• Publishing

Publishing isn’t the end goal of every one who completes a manuscript. But if it’s something that you would like to pursue, i.e., get your book out to the buying public, then, you’ll need to know the two basic ways of getting published:

  • Self-publishing: in which you project-manage the whole publishing process yourself, from writing to publishing to marketing. However, you get to keep 100% of the sales from your book. Self-published authors do suffer from credibility issues in the publishing industry, due in part to the glut in low-quality books that have flooded the market. So, if you decide to take this path to publication, make your book the best it can possibly be by:
  • getting a good editor
  • investing in a good designer, to help you with the book cover (this is important, because your book cover is the first thing that your target readers will see. A bad book cover will not reflect well on you, the author, so invest in an experienced designer — it’s worth the investment)
  • Traditional publishing: in which you get a literary agent, and the agent (who has the publishing contacts and who also takes a percentage of your earnings) shops your manuscript around to publishing houses.

If your manuscript is accepted, the publishing house takes on the costs of publishing the book (you pay nothing, nada, to the publishing for this), you get an advance (think of it as a down payment on your future earnings), and a percentage of future sales from your book.

Yes, there is some snobbery in the publishing world and being a traditionally-published author is the dream (for many writers). It’s like getting a golden pass into a privileged club of A-list writers, chiefly because while getting a literary agent is a feat in itself, the traditional publishing contract is the sign that you have made the grade as a writer.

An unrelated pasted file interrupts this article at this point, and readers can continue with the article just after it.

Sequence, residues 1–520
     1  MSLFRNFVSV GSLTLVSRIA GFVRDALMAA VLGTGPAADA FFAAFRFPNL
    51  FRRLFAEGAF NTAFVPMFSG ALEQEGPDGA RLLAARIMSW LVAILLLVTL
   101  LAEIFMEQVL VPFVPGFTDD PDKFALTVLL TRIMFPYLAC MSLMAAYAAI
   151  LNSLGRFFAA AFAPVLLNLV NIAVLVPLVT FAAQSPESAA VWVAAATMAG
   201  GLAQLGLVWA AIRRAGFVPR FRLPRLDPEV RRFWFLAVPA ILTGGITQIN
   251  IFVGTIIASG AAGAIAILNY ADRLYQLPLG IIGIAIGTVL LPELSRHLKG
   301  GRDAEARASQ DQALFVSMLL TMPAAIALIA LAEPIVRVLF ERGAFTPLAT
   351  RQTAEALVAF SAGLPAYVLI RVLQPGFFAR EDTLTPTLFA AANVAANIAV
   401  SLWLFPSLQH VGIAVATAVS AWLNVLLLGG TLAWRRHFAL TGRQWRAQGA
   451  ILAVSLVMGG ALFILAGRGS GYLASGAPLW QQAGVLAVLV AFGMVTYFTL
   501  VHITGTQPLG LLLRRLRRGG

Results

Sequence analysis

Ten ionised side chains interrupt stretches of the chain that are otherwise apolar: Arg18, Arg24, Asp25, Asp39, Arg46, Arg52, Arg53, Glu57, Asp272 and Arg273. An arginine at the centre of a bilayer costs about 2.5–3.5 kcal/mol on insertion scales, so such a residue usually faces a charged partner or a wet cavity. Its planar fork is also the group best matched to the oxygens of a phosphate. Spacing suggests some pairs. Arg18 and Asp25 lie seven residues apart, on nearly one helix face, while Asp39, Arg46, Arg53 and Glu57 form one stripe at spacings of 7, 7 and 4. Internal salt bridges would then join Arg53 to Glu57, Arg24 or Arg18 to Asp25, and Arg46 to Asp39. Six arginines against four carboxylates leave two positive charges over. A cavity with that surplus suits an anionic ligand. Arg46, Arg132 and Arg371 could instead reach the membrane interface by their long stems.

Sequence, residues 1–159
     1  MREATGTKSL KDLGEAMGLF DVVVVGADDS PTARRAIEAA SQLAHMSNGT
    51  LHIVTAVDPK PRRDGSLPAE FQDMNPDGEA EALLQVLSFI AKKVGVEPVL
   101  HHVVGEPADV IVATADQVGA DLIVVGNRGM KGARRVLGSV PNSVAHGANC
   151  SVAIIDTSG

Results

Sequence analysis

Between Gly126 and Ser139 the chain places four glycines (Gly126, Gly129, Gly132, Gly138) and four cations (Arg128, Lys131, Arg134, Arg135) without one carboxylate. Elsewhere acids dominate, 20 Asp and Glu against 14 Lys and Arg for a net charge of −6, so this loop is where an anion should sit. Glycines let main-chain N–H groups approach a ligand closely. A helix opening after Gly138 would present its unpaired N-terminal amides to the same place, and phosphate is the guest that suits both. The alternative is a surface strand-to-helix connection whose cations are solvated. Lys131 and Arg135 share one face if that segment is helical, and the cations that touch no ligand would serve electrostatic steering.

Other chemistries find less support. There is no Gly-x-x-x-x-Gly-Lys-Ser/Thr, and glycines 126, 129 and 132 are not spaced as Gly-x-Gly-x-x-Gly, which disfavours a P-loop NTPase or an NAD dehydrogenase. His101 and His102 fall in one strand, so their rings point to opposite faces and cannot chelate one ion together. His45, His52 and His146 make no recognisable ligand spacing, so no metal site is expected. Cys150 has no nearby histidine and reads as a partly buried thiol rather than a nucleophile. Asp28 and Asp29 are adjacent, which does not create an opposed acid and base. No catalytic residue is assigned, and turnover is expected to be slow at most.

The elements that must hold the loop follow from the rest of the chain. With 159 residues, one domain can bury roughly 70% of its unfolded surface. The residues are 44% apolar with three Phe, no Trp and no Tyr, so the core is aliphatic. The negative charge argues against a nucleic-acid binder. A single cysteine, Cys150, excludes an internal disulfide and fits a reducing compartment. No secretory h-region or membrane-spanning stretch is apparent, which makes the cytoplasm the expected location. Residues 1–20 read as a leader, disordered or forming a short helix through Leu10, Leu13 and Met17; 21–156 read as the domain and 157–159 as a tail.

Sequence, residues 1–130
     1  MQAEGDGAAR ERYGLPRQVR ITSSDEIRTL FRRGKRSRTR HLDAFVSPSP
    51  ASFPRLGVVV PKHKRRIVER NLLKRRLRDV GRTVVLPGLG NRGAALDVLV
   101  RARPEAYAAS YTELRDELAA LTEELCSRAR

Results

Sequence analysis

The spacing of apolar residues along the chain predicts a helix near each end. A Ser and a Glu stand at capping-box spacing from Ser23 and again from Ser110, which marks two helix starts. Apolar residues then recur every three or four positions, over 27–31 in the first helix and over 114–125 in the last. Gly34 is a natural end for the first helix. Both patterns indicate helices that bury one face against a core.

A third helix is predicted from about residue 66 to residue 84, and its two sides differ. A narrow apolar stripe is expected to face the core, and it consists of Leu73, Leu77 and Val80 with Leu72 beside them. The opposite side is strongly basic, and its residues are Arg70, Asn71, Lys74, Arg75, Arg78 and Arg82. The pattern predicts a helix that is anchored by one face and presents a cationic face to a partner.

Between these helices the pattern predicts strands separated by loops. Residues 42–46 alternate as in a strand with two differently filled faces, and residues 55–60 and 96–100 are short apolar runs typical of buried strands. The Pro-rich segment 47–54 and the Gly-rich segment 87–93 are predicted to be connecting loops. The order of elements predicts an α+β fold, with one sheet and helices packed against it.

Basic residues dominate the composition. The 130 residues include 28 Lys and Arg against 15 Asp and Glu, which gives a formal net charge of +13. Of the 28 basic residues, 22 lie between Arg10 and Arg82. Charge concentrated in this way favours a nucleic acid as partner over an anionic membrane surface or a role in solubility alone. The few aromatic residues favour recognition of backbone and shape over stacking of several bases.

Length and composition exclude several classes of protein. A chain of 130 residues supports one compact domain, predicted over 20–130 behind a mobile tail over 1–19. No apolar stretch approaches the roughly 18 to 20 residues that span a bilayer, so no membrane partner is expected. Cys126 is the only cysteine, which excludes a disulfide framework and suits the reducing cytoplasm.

If the traditional publishing model sounds like a lot of twaddle and you would go rather go it alone, via the self-publishing route, then by all means, do that.

Whatever your preferred path to publication, think about it before you actually start writing your book.

  1. How are you going to market it?

The easiest part of writing a book is writing it. The hard bit is the selling. You can write the most exquisite book in the world, but if it doesn’t sell, nobody is going to know that it’s the most exquisite book in the world.

I get that writing a book is an all-engrossing task. But, equally important is the marketing. If possible, try and develop a marketing plan while writing your book. That way, by the time it’s finished, you have a fully developed plan, all ready to go and to be deployed, at least, two weeks before publication day.

Many authors shy away from marketing, because they think that their book should speak for itself. That’s true, but the book won’t speak for itself until it’s put into the hands of readers, and that won’t happen unless it’s marketed.

If you haven’t got a website, you should get one, now. Like, immediately. It’s the first thing that people will search for when they hear about you/your book. Your website should also be the destination point of all your marketing materials. And start building your mailing list, as your subscribers will be your first point of contact for all things YOU.

You can find out more about the best blogging websites for writers, here.

Writing a book can seem like a daunting task, but with these six steps, your writing journey should be easier.

Find out more about how to write a book and get your questions asked in our FREE webinar: ‘How to Write a Book (Who Says You Can’t?). Register here.

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Abidemi Sanusi

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Author. Nominated for Commonwealth Writers' Prize. Helps writers write better & make more. Write your first book: